I am mostly self-taught, having developed a good ear for music in my young years. I would often pick out melodies and hum them to myself or play them by ear on my toy guitar or my first keyboard. I was so good, that I could even predict how a song would take direction based on its chord progressions. When I first picked up the guitar, I would learn by fretting the notes I heard. I didn't even know the notes I was playing. Same on keyboards, I would pick a note and slowly learn by ear. It wasn't until later with the invention of the Internet that I discovered websites such as where I took online tutorials and a few lessons to broaden my musical vocabulary. I also depended on books such as Mel Bay's Music that have helped me grow as a musician. I have also learned from mentors that have thankfully guided me along the way. I cannot write or read traditional musical notation, so I have depended on musical tabulature to read music. I also have to record my ideas on tape.

- What Guitar(s)/Keyboard(s) do you use?

My first guitar was a Montana CL-80 Spanish guitar my father bought for me for $100 when I first started 20 years ago. It was featured on my first album I recorded on a budget. It was a pretty decent guitar for its price, but being a laminate bodied instument, it did have its limitations. It wasn't a loud instrument nor a great sound acoustically, in order to record it, I had to use different mic placements and some creative EQ and compression to make it sound the way it does on the album. I have since retired it once I gained access to much better instruments. Currently, my primary guitar of choice is a 2018 Andy Culpepper flamenco cutaway blanca, custom-built for me by NY-based luthier, Andy Culpepper ( I use it for all my recordings, especially for lead playing. My second guitar is a Cordoba GK Pro flamenco cutaway blanca I bought in 2012 that is used for recording (mostly rhythm parts) and live performances. Lastly, I have a Yamaha GC171SF flamenco that I use as my backup guitar for live performance.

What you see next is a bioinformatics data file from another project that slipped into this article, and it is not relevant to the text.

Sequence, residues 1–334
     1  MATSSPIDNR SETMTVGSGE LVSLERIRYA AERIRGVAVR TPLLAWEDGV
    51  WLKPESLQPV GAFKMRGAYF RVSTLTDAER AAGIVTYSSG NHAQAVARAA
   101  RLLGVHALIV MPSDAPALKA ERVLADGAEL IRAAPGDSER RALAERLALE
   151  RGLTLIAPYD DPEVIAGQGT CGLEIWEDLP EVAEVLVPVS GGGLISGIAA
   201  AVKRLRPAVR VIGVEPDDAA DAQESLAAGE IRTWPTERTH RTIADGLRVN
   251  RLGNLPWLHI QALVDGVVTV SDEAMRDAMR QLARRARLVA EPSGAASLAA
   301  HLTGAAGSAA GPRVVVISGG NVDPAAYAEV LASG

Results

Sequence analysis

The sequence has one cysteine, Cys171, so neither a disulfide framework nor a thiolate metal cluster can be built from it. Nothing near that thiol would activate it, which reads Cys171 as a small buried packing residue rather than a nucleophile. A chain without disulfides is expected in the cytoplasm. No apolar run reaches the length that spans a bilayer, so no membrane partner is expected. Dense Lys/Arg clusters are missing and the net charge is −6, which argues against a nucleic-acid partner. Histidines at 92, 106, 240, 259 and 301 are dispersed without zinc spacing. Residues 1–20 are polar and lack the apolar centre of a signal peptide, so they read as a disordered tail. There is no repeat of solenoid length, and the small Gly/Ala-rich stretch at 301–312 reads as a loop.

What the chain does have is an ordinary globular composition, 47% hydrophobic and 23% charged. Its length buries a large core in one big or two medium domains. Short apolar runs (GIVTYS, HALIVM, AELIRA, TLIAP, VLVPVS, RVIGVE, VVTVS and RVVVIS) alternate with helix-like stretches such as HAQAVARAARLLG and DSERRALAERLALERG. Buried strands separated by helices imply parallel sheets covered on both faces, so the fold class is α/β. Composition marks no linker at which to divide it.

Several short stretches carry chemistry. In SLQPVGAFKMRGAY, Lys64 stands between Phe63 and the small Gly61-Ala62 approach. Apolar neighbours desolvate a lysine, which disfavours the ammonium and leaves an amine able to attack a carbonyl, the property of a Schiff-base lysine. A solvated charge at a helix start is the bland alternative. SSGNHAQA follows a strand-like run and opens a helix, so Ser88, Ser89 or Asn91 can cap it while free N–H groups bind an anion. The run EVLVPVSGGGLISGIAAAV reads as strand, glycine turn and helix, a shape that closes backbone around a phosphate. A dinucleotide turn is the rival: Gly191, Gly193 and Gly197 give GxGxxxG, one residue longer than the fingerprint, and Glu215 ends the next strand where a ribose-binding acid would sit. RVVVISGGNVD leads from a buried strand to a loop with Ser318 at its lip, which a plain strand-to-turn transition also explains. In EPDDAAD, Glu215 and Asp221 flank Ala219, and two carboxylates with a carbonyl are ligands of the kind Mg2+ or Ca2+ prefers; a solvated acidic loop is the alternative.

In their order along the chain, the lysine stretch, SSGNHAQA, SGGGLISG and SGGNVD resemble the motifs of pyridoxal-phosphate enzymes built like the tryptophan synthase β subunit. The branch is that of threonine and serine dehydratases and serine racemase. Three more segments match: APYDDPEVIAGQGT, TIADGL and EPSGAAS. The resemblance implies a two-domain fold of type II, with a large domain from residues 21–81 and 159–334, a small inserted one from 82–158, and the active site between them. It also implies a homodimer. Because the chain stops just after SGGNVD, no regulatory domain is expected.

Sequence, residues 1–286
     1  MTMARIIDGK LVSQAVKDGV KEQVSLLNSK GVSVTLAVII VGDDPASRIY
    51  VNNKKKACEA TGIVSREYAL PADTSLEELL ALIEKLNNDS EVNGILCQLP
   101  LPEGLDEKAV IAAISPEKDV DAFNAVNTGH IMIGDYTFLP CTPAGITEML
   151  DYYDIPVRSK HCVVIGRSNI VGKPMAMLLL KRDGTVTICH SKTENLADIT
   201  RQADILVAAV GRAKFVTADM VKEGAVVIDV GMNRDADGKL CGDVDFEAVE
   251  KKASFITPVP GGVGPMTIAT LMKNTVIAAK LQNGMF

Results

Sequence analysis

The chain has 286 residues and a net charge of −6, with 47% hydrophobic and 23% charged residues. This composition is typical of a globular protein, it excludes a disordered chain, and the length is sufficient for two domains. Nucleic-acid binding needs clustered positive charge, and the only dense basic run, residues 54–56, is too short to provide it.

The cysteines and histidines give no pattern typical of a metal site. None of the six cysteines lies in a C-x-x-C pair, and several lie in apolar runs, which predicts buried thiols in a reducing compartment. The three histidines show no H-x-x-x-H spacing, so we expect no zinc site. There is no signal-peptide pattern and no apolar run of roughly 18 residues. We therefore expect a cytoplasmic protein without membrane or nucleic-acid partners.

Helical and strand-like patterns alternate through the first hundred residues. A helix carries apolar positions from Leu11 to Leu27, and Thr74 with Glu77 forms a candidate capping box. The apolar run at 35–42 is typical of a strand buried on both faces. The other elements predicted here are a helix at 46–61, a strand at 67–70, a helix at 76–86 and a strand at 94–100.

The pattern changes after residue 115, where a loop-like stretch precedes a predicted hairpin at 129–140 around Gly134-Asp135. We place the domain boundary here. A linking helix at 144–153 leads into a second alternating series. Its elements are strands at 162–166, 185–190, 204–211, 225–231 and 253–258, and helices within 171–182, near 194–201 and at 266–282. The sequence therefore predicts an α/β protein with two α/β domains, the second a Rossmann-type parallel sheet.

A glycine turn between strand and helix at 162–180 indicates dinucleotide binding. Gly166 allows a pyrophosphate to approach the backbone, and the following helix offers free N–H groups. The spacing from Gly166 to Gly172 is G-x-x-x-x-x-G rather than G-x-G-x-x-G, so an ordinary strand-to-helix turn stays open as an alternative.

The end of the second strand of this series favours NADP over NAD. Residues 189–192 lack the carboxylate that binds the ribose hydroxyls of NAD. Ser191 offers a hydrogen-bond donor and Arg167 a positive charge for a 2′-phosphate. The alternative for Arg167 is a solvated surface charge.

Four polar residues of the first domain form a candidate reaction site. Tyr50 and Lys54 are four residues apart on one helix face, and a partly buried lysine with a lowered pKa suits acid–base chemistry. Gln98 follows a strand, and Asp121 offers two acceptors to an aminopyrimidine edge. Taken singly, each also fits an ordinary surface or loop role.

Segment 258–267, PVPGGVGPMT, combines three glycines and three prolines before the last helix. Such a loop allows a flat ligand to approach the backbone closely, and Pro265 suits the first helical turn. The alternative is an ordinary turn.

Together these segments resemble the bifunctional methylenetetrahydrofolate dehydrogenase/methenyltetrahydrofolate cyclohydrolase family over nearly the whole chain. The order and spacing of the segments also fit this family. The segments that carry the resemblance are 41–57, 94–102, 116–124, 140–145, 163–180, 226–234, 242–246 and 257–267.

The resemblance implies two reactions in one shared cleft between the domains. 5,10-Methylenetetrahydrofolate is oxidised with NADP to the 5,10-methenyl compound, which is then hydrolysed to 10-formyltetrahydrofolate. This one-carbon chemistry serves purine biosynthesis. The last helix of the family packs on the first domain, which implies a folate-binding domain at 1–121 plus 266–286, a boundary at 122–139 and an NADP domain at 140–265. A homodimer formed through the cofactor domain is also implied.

As  for keyboards, I used to have a Roland XV-88 synth workstation that I used for my first album recording pads and other effects. I have since retired it in favor of my Roland System-8 synthesizer as a replacement. What I love about it is its patented "Plug-Out" technology which replicates awesome legendary synths such as the Jupiter 8, Juno 106, and the Juno-60 among others. I also use a Nektar LX61 MIDI controller to play on various software synthesizers I have collected such as the ever-powerful Omnisphere by Spectrasonics. In addition to that, I have acquired a brand new Korg Krome 61 synth workstation as well.